- Current Issue
- Digital Edition
- Media Kit
- Contact Staff
- SPECIAL REPORTS
- Buyer's Guide
- Supplier Standpoints
- MARKET TRENDS
- WEB EXCLUSIVES
- BUYER'S GUIDE
In honor of February being American Heart Month, here are some steps you can take to keep your “ticker” healthy. Heart disease is the leading cause of death in the United States and, according to the Centers for Disease Control and Prevention, more than 27 million American adults live with it. This sobering fact is magnified when you consider that heart disease is largely a “lifestyle disease” that can be prevented through some very simple actions.
The top three changes are all lifestyle-focused. People must stop smoking, increase physical activity and eat a healthful diet. These changes can be a tall order, especially if you’re struggling with all of them. Therefore, this column primarily focuses on the dietary changes you can make to reduce the risk of heart disease. This is by no means meant to substitute for medical care, so talk with your physician or a registered dietitian to learn more.
One of the most popular heart-healthy diets is referred to as DASH (Dietary Approaches to Stop Hypertension). The plan is rich in fruits, vegetables, low-fat dairy, lean protein and grains. In numerous studies, the diet has been shown to lower blood pressure and improve cholesterol—two key factors for reducing the risk of heart disease. In fact, it was recently named by U.S. News & World Report’s panel of experts as the “Best Diet Overall,” because of its nutritional completeness and safety. Grains are a cornerstone of the regimen, and whole grain consumption is particularly encouraged because of its connection with disease prevention, although it does allow for a mix of whole and enriched grains. So, what exactly are whole grains? And what should you look for at the store?
Whole grains are composed of the entire kernel—the bran, germ and endosperm—and are an important source of antioxidants, fiber, B vitamins, vitamin E, magnesium, iron and numerous other vitamins, minerals and phytonutrients. Whole grains may be eaten whole, cracked, split or ground and can also be milled into flour used to make breads, cereals and other foods.
There are many whole grain choices to suit anyone’s tastes. Popular options include whole wheat, barley, brown rice, quinoa, bulgur, millet, wheat berry, whole rye and oatmeal. If a food label states that the package contains whole grain, the “whole-grain” part of the food inside the package is required to have virtually the same proportions of bran, germ and endosperm as the harvested kernel does before it’s processed. When shopping for whole grain foods, look for “100% whole-grain” on the label.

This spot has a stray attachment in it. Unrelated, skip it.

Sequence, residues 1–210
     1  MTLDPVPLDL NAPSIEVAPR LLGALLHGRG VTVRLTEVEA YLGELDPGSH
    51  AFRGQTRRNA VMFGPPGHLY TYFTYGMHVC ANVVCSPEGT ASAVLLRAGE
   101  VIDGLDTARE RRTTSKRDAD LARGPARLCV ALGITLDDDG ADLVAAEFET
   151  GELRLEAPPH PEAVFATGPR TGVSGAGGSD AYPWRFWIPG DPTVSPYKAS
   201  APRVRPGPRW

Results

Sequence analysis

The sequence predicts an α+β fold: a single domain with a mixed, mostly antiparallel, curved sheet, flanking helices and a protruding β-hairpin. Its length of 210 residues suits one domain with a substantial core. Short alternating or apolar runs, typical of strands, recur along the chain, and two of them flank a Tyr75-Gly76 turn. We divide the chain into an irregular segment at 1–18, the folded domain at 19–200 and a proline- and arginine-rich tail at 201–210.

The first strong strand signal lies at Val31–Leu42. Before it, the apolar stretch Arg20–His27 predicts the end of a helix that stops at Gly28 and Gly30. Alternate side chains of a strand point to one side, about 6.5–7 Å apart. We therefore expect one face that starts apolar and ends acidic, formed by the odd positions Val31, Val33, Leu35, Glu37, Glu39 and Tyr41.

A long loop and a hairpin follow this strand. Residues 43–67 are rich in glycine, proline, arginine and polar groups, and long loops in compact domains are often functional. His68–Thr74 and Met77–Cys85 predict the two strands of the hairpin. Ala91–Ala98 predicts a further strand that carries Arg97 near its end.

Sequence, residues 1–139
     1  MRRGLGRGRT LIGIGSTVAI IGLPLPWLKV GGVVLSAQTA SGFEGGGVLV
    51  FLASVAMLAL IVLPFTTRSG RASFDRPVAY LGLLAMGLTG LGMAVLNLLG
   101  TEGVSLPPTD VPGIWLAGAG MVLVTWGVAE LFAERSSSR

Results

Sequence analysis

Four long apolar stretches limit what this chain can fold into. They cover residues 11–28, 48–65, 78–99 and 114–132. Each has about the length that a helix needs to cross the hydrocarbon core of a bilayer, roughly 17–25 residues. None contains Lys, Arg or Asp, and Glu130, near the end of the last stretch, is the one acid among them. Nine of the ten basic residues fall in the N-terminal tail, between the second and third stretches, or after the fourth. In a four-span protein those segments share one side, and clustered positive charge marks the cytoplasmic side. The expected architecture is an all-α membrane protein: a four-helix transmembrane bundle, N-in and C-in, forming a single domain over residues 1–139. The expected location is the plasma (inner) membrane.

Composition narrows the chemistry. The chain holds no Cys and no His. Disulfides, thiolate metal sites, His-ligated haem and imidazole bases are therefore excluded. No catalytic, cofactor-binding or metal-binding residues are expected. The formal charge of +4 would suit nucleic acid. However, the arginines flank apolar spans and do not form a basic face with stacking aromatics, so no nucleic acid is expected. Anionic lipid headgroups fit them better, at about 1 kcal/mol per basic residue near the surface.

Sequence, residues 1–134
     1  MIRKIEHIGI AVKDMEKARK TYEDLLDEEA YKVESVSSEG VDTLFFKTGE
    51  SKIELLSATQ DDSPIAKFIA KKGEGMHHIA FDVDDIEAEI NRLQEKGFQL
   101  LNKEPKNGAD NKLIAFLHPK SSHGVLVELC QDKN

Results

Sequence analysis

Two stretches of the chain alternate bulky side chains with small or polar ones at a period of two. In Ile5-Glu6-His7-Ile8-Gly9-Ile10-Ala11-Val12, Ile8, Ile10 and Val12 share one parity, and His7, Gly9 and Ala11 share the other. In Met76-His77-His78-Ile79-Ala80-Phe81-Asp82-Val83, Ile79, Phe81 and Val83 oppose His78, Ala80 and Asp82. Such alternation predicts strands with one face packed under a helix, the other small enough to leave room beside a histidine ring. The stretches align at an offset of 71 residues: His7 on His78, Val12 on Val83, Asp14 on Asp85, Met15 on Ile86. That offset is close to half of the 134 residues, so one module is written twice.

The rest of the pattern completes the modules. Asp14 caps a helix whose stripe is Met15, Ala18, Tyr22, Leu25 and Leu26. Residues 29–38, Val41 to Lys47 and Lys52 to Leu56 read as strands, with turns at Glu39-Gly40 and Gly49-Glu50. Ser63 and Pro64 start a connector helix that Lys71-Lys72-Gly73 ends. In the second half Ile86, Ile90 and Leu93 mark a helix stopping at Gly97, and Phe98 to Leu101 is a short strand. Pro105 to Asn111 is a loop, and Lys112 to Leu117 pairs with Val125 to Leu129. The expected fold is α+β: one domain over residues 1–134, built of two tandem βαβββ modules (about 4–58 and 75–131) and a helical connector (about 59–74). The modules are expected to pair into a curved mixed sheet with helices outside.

Despite the recommendation in the Dietary Guidelines for Americans to “make half your grains whole,” Americans are consuming far too few of them. Several surveys, including data from the Journal of the Academy of Nutrition and Dietetics, indicate most American adults and children get less than one serving of whole grains in their daily diets. In fact, the Dietary Guidelines for Americans Committee found that 95% of Americans aren’t getting their recommended three (1-oz.) servings of whole grains each day.
In closing, it’s never too late to make strides to a healthier heart. This American Heart Month, take the first step by improving your diet and including more whole grains. With so many delicious choices, the options are endless–here’s one to get you started.
|Whole Grain Toast Triangles with Hummus|
8 slices 100% whole-wheat bread
1 tablespoon sesame seeds
1 can (15 oz.) chickpeas or garbanzo beans, rinsed and drained
2 tablespoons lemon juice
2 cloves garlic, minced
1/4 cup water
Heat an 8-inch non-stick skillet over medium heat. Add the sesame seeds. Cook and stir for 1 min or until they’re toasted. Remove the skillet from the heat. Place the chickpeas, lemon juice, garlic and sesame seeds into a food processor. Cover and process until the mixture is smooth, adding the water, 1 tablespoon at a time, until desired consistency.
Nutrition Facts per serving: 150 calories, 2 grams fat, 0 grams saturated fat, 25 grams carbohydrate, 5 grams fiber, 7 grams protein
Recipe courtesy of Pepperidge Farm